1a = [(g + 2g +g )− (g + 2g +g )] (4)2 iikk ijkk jjkk iill i jll j jll16

1d = [(g + 2g +g )− 2(g + 2g +g )+ (g + 2g +g )]1 iikk iikl iill ijkk ijkl i jll jjkk jjkl j jll16

(5)

1d = [(g + 2g +g )− 2(g + 2g +g )+ (g + 2g +g )]2 iikk ijkk jjkk iikl ijkl jjkl iill i jll j jll16

(6)

1= [(g −g )− (g −g )] (7)iaa iikk jjkk iill j jll16

1i = (g − 2g +g −g + 2g −g)(8)ad iikk iikl iill jjkk jjkl j jll16

1i = (g − 2g +g −g + 2g −g9)da iikk ijkk jjkk iill i jll j jll16

1i = (g − 2g +g − 2g + 4g − 2g +g − 2g +g ).dd iikk iikl iill ijkk ijkl i jll jjkk jjkl j jll16

(10)

In equations (2–10), a = additive eﬀect of QTL 1, d = dominance eﬀect1 1

of QTL 1, a = additive eﬀect of QTL 2, d = dominance eﬀect of QTL 2,2 2

i = additive× additive epistasis eﬀect, i = additive× dominance epistasisaa adStatistical power for detecting epistasis 133

Table I. Representation of genotypic values in terms of additive, dominance, and epis-

tasis contributions for the case of two loci with two equally frequent alleles.

Genotype Frequency Genotypic Value

Q Q Q Q 1/16 g =µ+ 2a + 2a + d + d + 4i + 2i + 2i + i1 1 2 2 iikk 1 2 1 2 aa ad da dd

Q Q Q q 1/8 g =µ+ 2a + d − d − 2i − i1 1 2 2 iikl 1 1 2 ad dd

Q Q q q 1/16 g =µ+ 2a − 2a + d + d − 4i + 2i − 2i + i1 1 2 2 iill 1 2 1 2 aa ad da dd

Q q Q Q 1/8 g =µ+ 2a − d + d − 2i − i1 1 2 2 ijkk 2 1 2 da dd

Q q Q q 1/4 g =µ− d − d + i1 1 2 2 ijkl 1 2 dd

Q q q q 1/8 g =µ− 2a − d + d + 2i − i1 1 2 2 i jll 2 1 2 da dd

q q Q Q 1/16 g =µ− 2a + 2a + d + d − 4i − 2i + 2i + i1 1 2 2 jjkk 1 2 1 2 aa ad da dd

q q Q q 1/8 g =µ− 2a + d − d + 2i − i1 1 2 2 jjkl 1 1 2 ad dd

q q q q 1/16 g =µ− 2a − 2a + d + d + 4i − 2i − 2i + i1 1 2 2 j jll 1 2 1 2 aa ad da dd

eﬀect, i = dominance× additive epistasis eﬀect, and i = dominance×da dd

dominance epistasis eﬀect between QTL 1 and QTL 2. Equations (2–10) are

foundations for marker contrasts for QTL detection under the F-2 design, and

can be used for testing candidate genes in an F-2 design.

When a QTL genotypic value is to be predicted by linked markers, as is the

case in QTL detection, the QTL genotypic value can be modeled as:

g = m + r (11)ijkl ijkl ijkl

where m is the eﬀect of markers, and r is the genotypic residual value dueijkl ijkl

to recombination between the markers and QTL. Note that the common genetic

mean (µ) term in equation (11) is dropped for convenience of derivations. The

two marker models with or without theµ term are equivalent models [13, 19]

that achieve the same result for statistical testing. In matrix notation, the QTL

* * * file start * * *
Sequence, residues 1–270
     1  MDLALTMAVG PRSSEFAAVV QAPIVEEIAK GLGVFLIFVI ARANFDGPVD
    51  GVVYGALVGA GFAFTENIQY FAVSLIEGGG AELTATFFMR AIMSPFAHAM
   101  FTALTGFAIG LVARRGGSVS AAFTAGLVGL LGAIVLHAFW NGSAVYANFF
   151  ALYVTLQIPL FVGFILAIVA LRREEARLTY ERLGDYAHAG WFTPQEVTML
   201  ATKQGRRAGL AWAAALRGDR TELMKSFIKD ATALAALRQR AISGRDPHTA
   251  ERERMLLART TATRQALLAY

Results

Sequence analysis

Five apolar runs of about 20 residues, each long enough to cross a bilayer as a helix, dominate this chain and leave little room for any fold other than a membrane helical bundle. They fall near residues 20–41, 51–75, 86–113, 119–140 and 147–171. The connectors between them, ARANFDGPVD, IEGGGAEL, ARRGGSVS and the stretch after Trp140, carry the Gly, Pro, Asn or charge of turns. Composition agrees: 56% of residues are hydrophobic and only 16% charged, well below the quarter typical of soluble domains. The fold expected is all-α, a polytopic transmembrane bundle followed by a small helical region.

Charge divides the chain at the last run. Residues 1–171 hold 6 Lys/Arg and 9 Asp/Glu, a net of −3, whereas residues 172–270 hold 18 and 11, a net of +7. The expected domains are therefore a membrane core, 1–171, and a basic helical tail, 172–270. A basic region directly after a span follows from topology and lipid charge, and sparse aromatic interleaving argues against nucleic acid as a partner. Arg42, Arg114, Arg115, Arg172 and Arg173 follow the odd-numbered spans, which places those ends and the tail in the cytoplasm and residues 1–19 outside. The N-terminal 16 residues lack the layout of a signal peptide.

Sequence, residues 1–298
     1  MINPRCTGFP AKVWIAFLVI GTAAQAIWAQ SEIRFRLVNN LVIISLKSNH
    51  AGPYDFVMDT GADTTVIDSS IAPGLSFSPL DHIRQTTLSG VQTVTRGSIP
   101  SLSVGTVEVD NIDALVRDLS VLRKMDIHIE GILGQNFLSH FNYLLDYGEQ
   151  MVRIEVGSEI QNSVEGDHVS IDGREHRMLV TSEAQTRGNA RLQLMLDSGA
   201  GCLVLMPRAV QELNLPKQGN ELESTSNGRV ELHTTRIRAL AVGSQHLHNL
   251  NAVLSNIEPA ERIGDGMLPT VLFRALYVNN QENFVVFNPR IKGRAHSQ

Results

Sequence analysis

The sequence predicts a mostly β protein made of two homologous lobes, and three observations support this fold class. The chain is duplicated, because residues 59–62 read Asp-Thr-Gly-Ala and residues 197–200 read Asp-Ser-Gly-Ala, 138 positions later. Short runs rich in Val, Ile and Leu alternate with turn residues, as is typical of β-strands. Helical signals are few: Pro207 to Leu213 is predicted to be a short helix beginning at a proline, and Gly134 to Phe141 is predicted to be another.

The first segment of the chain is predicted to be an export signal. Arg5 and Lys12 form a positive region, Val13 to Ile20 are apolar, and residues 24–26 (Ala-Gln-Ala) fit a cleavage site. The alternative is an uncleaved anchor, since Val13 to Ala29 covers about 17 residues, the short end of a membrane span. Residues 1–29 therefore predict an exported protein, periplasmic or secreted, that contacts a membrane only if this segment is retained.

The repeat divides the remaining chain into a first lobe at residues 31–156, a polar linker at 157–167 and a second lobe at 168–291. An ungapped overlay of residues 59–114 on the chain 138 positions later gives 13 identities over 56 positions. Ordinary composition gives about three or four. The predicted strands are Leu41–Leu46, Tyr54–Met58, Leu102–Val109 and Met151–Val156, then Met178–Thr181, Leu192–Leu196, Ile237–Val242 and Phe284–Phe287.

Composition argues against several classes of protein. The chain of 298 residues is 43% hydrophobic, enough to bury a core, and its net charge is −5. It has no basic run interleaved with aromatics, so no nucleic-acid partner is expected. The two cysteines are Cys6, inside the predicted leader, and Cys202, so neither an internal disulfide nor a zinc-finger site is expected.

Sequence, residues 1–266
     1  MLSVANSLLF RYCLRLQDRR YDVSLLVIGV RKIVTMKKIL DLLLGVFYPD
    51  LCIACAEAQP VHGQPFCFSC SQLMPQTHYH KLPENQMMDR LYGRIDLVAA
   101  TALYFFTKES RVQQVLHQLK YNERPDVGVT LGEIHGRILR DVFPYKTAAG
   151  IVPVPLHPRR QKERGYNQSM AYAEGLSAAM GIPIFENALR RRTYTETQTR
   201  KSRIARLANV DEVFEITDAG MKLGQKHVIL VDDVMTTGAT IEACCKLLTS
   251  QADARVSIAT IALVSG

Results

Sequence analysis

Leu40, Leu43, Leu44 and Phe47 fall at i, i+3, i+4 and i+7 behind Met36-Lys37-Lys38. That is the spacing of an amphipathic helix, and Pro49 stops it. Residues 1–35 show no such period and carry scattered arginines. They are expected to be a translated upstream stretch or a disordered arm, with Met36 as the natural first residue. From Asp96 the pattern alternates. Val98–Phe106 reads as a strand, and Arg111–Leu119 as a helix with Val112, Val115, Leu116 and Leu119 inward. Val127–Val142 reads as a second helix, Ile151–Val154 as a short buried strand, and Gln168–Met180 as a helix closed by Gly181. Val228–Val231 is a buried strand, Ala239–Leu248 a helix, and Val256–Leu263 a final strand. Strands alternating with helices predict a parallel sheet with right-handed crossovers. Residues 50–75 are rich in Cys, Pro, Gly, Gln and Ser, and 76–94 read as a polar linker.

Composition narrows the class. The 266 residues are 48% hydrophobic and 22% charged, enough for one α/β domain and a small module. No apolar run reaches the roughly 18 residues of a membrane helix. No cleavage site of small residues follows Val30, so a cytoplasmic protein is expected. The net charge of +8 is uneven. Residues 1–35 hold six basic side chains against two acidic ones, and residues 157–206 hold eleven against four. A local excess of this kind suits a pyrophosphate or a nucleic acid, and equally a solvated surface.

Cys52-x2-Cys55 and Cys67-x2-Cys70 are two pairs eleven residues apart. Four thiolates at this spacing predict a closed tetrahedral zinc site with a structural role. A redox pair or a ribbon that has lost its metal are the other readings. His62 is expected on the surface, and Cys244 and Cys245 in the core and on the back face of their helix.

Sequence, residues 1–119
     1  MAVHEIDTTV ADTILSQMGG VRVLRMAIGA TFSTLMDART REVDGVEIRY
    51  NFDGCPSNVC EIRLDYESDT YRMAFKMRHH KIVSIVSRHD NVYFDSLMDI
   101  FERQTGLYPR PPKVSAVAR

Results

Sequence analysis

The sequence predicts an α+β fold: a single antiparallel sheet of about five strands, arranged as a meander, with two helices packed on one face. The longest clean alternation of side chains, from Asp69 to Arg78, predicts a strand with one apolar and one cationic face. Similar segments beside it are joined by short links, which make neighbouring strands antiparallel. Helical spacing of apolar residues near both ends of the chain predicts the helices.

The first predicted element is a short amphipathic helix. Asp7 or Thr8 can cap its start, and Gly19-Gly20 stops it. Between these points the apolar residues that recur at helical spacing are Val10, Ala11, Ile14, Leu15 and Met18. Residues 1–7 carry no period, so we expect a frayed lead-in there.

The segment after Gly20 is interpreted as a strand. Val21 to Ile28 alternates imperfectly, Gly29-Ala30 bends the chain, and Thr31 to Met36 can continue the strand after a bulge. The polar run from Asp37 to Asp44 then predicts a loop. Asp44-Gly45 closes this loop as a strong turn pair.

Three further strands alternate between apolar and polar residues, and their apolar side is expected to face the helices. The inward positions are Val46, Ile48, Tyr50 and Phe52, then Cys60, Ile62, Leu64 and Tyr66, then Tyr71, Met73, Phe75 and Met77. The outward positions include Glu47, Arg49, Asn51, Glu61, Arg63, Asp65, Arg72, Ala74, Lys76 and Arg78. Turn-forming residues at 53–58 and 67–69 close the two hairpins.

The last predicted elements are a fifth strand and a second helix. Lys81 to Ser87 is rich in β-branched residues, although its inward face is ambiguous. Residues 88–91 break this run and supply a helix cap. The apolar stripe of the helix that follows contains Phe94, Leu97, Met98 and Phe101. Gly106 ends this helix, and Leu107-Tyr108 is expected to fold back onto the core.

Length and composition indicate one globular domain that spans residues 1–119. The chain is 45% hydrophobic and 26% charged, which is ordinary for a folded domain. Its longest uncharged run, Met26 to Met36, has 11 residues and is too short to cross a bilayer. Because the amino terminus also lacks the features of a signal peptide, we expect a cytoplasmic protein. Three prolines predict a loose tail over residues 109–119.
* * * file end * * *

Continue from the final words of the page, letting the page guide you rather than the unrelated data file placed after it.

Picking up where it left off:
genotypic value modeled by genetic markers can be expressed as:

g= Xm+ r (12)

where g is the column vector of QTL genotypic values, X is the design matrix

for the marker eﬀects, r is the recombination residual of the QTL value not

explained by the common mean and the markers, and m is the vector of marker

eﬀects, i.e.,

m= (m , m , m , m , m , m , m , m , m ).iikk iikl iill ijkk ijkl i jll jjkk jjkl j jll

The normal equations for equation (12) in matrix notation are X Xm= X g,

−1 −1and the solution to this normal equation is m= (X X) X g,where (X X) is

the inverse of X X,and X is the transpose of X.134 Y. Mao, Y. Da

A phenotypic value is modeled as the summation of a QTL genotypic value

2(g ) and a random residual (e) with N(0,σ ) distribution, i.e.,ijkl e

y =g + e = m + (r + e )= m +ε (13)ijkl ijkl ijkl ijkl ijkl ijkl ijkl ijkl

withε = phenotypic residual value not explained by the marker eﬀectsijkl

due to the recombination and random residuals. Using matrix notation, equa-

tion (13) can be expressed as:

y= Xm+ (r+ e)= Xm+ε. (14)

The normal equations are X Xm= X y, and the estimator of m is given by

−1 mˆ = (X X) X y. (15)

Let mˆ = (ˆm , mˆ , mˆ , mˆ , mˆ , mˆ , mˆ , mˆ , mˆ ) be the leastiikk iikl iill ijkk ijkl i jll jjkk jjkl j jll

squares estimate of m= (m , m , m , m , m , m , m , m , m )iikk iikl iill ijkk ijkl i jll jjkk jjkl j jll

deﬁned in equation (15), then the four marker contrasts for testing epistasis

eﬀects are:

1L = mˆ − mˆ − mˆ + mˆ (16)aa iikk iill jjkk j jll16

1L = mˆ − 2ˆm + mˆ − mˆ + 2ˆm − mˆ (17)ad iikk iikl iill jjkk jjkl j jll16

1L = mˆ − mˆ − 2ˆm + 2ˆm + mˆ − mˆ (18)da iikk iill ijkk i jll jjkk j jll16

1L = mˆ − 2ˆm + mˆ − 2ˆm + 4ˆm − 2ˆm + mˆdd iikk iikl iill ijkk ijkl i jll jjkk16

−2ˆm + mˆ (19)jjkl j jll

where L , L , L and L are the contrasts for testing additive× additive,aa ad da dd